LONDON — Some of the world’s wealthiest countries are promising to share coronavirus vaccines with the poorest, but details of when and how many remain scarce as leaders of the Group of Seven economic powers hold their first meeting of 2021 on Friday.
Prime Minister Boris Johnson of Britain, which holds the G-7 presidency this year, is meeting virtually with the leaders of France, Germany, Italy, Canada, Japan and the United States. The leaders, joined by top European Union officials, will discuss international challenges — chief among them the pandemic that has killed almost 2.5 million people around the world.
Johnson, whose country has had almost 120,000 coronavirus deaths, will hail the speed with which vaccines have been developed against COVID-19 in less than a year, and announce a push to cut the time needed to create new ones to 100 days.
The British government said Johnson will ask U.K. Chief Scientific Adviser Patrick Vallance to work with the World Health Organization and others on “speeding up the process for developing vaccines, treatments and tests for common pathogens.”
“The development of viable coronavirus vaccines offers the tantalizing prospect of a return to normality, but we must not rest on our laurels,” Johnson said in comments released by his 10 Downing St. office.
Wealthy countries have snapped up hundreds of millions of doses of vaccines, leaving little for the developing world. Western leaders are promising to share, but so far details have been scant.
Johnson will promise Friday to give “the majority of any future surplus vaccines” to the U.N.-backed COVAX effort to vaccinate the world’s most vulnerable people, the British government said ahead of the summit. It did not give a specific time or amount that the U.K. plans to give.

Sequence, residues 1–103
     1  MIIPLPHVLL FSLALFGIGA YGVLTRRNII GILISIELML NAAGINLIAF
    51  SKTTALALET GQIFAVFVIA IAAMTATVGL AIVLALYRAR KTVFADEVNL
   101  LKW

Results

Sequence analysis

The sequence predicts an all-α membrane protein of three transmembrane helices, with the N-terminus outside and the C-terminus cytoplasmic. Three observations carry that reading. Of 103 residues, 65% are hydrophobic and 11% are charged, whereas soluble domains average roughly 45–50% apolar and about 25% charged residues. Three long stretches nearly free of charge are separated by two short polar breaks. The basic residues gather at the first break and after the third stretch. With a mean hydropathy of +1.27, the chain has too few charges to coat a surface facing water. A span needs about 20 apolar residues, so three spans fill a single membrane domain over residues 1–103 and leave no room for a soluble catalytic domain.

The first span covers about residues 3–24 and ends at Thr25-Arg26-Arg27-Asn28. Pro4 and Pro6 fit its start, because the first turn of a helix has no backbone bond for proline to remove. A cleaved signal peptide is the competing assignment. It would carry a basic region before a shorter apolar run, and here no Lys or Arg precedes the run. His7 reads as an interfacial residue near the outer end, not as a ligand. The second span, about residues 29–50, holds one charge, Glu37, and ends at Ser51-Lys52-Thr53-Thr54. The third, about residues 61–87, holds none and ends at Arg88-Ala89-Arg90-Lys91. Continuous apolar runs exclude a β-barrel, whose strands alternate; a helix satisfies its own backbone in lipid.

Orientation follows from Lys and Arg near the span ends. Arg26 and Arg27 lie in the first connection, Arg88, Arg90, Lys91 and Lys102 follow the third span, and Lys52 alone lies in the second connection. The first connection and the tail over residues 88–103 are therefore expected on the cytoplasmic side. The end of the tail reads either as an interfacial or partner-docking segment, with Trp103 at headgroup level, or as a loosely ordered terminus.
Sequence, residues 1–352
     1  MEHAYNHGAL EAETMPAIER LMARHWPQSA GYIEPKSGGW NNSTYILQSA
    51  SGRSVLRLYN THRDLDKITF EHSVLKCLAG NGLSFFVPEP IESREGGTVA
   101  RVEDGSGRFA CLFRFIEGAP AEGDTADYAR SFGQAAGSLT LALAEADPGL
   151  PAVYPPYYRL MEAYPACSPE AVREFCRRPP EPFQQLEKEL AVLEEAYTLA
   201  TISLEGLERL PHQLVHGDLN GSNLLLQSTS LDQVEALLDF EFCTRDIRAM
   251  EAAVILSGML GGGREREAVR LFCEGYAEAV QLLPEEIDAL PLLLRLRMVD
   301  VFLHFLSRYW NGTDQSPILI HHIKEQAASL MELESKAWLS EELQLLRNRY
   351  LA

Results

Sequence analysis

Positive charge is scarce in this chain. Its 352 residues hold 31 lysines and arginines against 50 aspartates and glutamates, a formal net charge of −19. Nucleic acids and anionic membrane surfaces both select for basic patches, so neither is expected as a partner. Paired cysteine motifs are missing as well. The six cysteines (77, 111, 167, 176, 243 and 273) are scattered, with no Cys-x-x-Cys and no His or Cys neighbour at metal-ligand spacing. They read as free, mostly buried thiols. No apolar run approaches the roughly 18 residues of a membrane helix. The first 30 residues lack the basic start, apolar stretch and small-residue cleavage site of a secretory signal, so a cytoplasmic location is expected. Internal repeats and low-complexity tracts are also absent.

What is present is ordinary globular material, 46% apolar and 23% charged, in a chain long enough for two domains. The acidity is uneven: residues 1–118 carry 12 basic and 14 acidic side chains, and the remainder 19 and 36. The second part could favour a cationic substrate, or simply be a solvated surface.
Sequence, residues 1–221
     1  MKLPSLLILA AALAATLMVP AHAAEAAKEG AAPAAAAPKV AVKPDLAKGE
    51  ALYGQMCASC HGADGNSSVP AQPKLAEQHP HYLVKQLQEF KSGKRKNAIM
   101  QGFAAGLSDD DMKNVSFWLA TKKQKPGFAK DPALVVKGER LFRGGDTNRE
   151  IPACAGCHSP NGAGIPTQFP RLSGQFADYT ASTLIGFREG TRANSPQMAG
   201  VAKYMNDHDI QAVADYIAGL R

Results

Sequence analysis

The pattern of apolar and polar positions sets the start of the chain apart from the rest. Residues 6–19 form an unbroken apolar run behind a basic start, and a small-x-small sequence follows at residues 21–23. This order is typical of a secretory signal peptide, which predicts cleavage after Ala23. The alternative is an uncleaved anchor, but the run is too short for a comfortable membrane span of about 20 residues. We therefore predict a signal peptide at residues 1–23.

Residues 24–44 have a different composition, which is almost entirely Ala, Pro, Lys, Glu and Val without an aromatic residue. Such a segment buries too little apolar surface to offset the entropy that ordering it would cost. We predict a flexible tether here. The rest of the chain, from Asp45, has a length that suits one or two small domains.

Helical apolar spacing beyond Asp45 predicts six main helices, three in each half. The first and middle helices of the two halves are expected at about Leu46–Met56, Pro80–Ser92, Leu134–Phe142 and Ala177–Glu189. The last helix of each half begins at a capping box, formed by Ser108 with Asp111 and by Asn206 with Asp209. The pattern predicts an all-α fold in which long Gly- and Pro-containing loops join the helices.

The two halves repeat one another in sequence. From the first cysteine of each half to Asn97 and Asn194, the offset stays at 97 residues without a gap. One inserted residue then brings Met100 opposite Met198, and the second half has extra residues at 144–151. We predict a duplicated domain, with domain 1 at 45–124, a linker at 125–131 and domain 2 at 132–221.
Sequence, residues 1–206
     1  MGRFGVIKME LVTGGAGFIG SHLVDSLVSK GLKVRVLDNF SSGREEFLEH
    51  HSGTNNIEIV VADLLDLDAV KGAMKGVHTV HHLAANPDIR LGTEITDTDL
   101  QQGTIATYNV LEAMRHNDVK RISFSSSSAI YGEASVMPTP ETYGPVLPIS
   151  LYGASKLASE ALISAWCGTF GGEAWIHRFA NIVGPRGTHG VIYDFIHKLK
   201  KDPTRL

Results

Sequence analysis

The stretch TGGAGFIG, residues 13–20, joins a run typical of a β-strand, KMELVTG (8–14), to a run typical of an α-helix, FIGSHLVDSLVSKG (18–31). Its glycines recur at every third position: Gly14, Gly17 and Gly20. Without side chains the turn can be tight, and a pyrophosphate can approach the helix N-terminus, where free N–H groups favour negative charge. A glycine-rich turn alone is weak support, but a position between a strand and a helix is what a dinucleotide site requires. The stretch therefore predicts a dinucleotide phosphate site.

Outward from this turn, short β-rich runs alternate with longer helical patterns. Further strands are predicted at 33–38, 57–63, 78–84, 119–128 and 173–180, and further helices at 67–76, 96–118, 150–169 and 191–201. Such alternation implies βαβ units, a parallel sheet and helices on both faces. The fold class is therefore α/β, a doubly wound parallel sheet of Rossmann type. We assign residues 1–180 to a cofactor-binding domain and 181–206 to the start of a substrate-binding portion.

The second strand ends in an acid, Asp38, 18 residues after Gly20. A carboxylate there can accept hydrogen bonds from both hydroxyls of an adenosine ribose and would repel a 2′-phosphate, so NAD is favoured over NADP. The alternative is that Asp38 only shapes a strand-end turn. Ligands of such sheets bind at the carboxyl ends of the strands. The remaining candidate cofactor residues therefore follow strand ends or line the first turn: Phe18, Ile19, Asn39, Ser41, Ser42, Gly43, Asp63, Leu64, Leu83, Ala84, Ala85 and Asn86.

Other G-7 leaders have also been broadly supportive of sharing vaccines. French President Emmanuel Macron said Europe and the U.S. should allocate up to 5% of their current COVID-19 vaccine supplies to the poorest countries “very fast, so that people on the ground see it happening.”
In an interview with the Financial Times, Macron suggested Russia and China are engaged in a “war of influence over vaccines” by offering doses of their own products to some African nations.
America’s G-7 allies are keen to impress President Joe Biden at his first major multilateral engagement since taking office. They are hopeful that U.S. re-engagement with the world following the “America first” years under Donald Trump will mean a more coordinated response on issues including COVID-19 and climate change.
Biden has pledged to join the COVAX initiative, and the White House says he will emphasize the need for global coordination on vaccine production, distribution and supplies when he speaks at Friday’s G-7 meeting.
For Johnson, the G-7 presidency is a chance to demonstrate Britain is still a key global player following its exit from the EU, which became complete at the end of 2020.
A full G-7 summit is scheduled to take place in June at the Carbis Bay seaside resort in southwest England. British officials are hopeful it can take place in person, though at a reduced scale because social distancing rules and other restrictions are likely still to be in place.
Sylvie Corbet in Paris contributed to this story.